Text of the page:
I have almost decided that I need to write a book!
A BEGINNERS GUIDE TO EMBROIDERY DIGITIZING
Well, honestly i would not know where to start, so i guess I will just keep blogging and hope that people are interested in learning.
People ask a lot of questions – and questions are great, questions are how we learn and questions make a big difference. More often than not, I am getting the same question, roughly worded this way “I am an illustrator/graphic design/use AI etc and I now want to take my vector designs and turn them into embroidery to sell them”
OK, great idea! If you have created some awesome vector illustrations, why not create some embroidery designs too?
I think some people think that embroidery digitizing is easy, they really think you can “turn” vector art into embroidery art. You can of course, with a few clicks and use auto digitizing, but are those types of designs any good? No. No they are not.
Embroidery digitizing is a skill to learn, a trade, a craft and definitely art. So when someone decides to be a graphic artist, they put the program on their computer, and BAM they are a graphic artist? NO. It takes hours and hours of work, learning, reading, research, classes and experience to become even a low level graphic artist. So why do you think digitizing embroidery is any different? It isn’t. You have to have the right software, a decent computer, and embroidery machine and lots of time and effort.
Ok, OK, i am ranting a bit, I don’t mean to, but embroidery digitizing is a skill and it is art. And I take my profession seriously. An artist takes time to develop, it takes effort and a whole bunch of work!! Dedication is another part of it too – you have to be dedicated to learn your art.
And you have to have an embroidery machine – or know someone who has an embroidery machine. Before you can be a digitizer, you have to understand embroidery. You need to know and recognize the different kids of stitches, where to use them and why you can or can’t use them – you can’t learn all of that from a computer screen, its just not the same. You have to understand the machine, hoop sizes, different embroidery thread, different bobbin thread, different needles and why…and it goes on and on and on. You need to understand different stabilizers to make your work stitch out perfectly, you need to understand hooping and placement and you need to understand stitch density. You have to understand that if the density is not right, the whole design will be ruined! You have to also understand push compensation and pull compensation. There is no way that you can understand that concept without stitching something out and seeing the puckering on the fabric, or the out of registration objects, because you needed to add some pull compensation. Whenever I am training someone to work with us, I usually make them spend a few days watching designs stitch out and asking questions – or more than a few hours if they are not picking up on it LOL – they will hoop designs, they will use different backings, etc. I do that for as long as possible before they sit down to a computer. Then they have at least a beginning understanding of embroidery, then they can build on that understanding with digitizing. Once they stitch out their own designs, then they can see right from wrong and will be able to pick out their mistakes. After all, if you have not seen the right way, how will you be able to know what a mistake even is?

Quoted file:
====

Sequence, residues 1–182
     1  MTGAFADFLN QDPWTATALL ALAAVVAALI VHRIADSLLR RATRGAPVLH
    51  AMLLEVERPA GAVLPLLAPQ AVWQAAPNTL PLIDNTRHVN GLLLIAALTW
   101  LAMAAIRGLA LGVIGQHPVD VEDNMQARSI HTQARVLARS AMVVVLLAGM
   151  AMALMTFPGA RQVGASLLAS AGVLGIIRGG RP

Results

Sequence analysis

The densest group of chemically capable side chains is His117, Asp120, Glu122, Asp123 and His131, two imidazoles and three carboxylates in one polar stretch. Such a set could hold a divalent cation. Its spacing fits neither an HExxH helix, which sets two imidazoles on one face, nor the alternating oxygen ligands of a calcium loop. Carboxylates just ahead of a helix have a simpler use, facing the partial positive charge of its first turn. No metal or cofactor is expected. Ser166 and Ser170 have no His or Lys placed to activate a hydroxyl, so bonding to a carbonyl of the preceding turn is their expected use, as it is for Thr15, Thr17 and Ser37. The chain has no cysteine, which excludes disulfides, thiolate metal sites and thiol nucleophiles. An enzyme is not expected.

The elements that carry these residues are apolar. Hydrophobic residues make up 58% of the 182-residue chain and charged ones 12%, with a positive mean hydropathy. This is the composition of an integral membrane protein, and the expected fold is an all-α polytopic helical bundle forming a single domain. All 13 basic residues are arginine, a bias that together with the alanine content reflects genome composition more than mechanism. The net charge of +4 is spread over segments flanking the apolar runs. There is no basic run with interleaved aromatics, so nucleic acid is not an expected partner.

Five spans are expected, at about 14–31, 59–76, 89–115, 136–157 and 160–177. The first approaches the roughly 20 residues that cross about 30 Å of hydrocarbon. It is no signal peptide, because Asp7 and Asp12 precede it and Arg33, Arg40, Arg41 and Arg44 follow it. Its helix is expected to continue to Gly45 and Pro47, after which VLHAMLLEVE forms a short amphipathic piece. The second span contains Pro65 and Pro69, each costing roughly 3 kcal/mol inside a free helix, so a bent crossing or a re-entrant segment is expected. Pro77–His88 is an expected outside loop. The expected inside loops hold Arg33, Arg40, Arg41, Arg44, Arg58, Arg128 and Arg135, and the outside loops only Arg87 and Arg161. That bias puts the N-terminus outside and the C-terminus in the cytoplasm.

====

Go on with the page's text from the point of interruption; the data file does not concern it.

When people ask me “where do I start” that is my answer: KNOW EMBROIDERY BEFORE YOU START DIGITIZING. That is a great place to start. Once you are familiar with all the concepts of embroidery, you will become a better digitizer.
Don’t try and skip steps and wonder why you are having issues – you need to take each step, one at a time, and understand each step.
For everyone that is learning digitizing – CONGRATULATIONS and welcome to the world of embroidery digitizing! Be proud of all of your accomplishments- even your first digitized-by-you design is a huge accomplishment – that means you have done hours of work, research, learning, not to mention hours stitching out designs! Congratulate yourself and feel good about it – it really is a milestone that you can build on to become a great digitizer. Be dedicated, keep working hard and know your software, and you are well on your way to becoming a digitizer.